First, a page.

At least 13 anti-government protesters were killed by the Iraqi security forces in the southern part of the country on Thursday, after the torching of an Iranian consulate.
Prime Minister Adel Abdel Mahdi, as commander in chief of the armed forces, dispatched military chiefs to several restive provinces to “restore order” there, the military said in a statement.
Iraq’s capital and its south have been torn by the worst street unrest since the 2003 US-led invasion that toppled Saddam Hussein, as a youth-dominated protest movement has vented their fury at their government and its backers in neighbouring Iran.
Late Wednesday protesters burnt down the Iranian consulate in the city of Najaf, yelling “Victory to Iraq!” and “Iran out!”, in an attack condemned by Tehran which voiced its “disgust”.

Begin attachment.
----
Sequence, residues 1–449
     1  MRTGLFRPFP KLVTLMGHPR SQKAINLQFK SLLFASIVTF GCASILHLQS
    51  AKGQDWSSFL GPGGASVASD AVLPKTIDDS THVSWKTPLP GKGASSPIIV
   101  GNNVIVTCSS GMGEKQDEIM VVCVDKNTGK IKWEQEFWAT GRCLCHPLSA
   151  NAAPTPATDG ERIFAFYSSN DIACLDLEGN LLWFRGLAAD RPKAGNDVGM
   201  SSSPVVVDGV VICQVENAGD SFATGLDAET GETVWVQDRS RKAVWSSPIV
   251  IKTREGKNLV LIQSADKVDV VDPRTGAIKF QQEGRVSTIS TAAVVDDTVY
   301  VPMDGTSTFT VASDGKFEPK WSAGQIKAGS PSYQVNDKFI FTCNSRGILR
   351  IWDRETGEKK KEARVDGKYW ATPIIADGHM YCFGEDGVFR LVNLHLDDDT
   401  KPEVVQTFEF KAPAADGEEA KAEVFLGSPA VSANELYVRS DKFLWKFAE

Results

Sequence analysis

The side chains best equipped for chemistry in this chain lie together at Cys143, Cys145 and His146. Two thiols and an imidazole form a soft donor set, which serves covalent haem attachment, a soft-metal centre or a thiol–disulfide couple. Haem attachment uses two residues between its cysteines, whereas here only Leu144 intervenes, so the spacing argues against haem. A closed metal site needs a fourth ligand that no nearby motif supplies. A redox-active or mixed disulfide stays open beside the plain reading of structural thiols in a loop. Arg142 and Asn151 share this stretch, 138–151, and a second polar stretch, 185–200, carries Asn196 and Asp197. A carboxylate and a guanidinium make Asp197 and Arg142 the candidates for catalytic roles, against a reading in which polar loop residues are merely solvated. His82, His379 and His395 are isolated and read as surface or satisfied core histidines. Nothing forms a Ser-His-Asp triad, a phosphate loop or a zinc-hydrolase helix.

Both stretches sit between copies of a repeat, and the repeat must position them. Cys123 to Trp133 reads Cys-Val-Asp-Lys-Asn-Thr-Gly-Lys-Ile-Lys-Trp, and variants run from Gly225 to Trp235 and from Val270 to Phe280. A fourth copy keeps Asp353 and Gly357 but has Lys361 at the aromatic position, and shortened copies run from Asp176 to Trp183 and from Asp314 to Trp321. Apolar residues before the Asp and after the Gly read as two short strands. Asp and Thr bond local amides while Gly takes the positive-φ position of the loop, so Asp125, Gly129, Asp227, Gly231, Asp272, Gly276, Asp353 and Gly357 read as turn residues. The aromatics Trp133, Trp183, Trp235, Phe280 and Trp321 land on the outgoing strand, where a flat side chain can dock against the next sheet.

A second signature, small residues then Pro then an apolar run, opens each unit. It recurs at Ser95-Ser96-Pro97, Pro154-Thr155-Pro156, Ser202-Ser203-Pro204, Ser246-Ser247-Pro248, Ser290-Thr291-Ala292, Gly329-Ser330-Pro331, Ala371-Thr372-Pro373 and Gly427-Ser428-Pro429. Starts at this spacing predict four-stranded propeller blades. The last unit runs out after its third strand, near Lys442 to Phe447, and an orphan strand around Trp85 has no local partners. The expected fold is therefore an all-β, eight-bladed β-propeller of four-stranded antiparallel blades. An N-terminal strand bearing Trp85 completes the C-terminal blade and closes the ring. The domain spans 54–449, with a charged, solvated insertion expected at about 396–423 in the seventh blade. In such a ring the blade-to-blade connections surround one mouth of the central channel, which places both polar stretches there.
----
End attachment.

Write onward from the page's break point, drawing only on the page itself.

Iraq’s death toll in the street clashes since early October has risen above 360 with over 15,000 wounded according to an AFP tally, as authorities are not releasing updated or precise figures.
Protesters burning tyres and throwing rocks and petrol bombs have clashed with security forces unleashing tear gas, rubber-coated bullets and live rounds.
The latest clashes erupted on Thursday in the protest hotspot of Nasiriyah, where security forces cleared protesters off two main bridges they had been occupying for days.
At least 13 protesters were shot dead and 100 wounded with several in critical condition, medical and security sources said.